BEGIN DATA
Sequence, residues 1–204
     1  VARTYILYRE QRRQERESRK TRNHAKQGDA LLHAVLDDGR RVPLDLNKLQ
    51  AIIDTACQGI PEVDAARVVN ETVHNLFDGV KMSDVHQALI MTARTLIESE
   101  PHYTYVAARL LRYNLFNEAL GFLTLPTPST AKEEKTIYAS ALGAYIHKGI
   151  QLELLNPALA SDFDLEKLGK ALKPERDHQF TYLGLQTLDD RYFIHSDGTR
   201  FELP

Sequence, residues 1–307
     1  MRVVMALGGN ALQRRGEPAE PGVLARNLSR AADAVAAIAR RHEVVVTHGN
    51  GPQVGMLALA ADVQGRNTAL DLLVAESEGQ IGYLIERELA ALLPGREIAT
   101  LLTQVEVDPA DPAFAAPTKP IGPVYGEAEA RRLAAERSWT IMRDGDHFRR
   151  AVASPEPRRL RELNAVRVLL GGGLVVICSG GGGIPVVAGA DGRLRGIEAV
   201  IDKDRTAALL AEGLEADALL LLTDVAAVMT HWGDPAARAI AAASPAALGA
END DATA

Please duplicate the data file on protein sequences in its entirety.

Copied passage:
Sequence, residues 1–204
     1  VARTYILYRE QRRQERESRK TRNHAKQGDA LLHAVLDDGR RVPLDLNKLQ
    51  AIIDTACQGI PEVDAARVVN ETVHNLFDGV KMSDVHQALI MTARTLIESE
   101  PHYTYVAARL LRYNLFNEAL GFLTLPTPST AKEEKTIYAS ALGAYIHKGI
   151  QLELLNPALA SDFDLEKLGK ALKPERDHQF TYLGLQTLDD RYFIHSDGTR
   201  FELP

Sequence, residues 1–307
     1  MRVVMALGGN ALQRRGEPAE PGVLARNLSR AADAVAAIAR RHEVVVTHGN
    51  GPQVGMLALA ADVQGRNTAL DLLVAESEGQ IGYLIERELA ALLPGREIAT
   101  LLTQVEVDPA DPAFAAPTKP IGPVYGEAEA RRLAAERSWT IMRDGDHFRR
   151  AVASPEPRRL RELNAVRVLL GGGLVVICSG GGGIPVVAGA DGRLRGIEAV
   201  IDKDRTAALL AEGLEADALL LLTDVAAVMT HWGDPAARAI AAASPAALGA